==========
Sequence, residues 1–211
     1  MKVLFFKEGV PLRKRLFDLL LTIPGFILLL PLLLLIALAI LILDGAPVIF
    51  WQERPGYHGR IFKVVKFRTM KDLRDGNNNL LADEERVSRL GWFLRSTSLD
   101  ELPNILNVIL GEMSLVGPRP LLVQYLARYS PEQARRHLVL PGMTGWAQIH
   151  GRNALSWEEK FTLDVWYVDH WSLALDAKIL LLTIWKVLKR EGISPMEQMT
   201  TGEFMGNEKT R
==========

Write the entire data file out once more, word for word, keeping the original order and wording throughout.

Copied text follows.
Sequence, residues 1–211
     1  MKVLFFKEGV PLRKRLFDLL LTIPGFILLL PLLLLIALAI LILDGAPVIF
    51  WQERPGYHGR IFKVVKFRTM KDLRDGNNNL LADEERVSRL GWFLRSTSLD
   101  ELPNILNVIL GEMSLVGPRP LLVQYLARYS PEQARRHLVL PGMTGWAQIH
   151  GRNALSWEEK FTLDVWYVDH WSLALDAKIL LLTIWKVLKR EGISPMEQMT
   201  TGEFMGNEKT R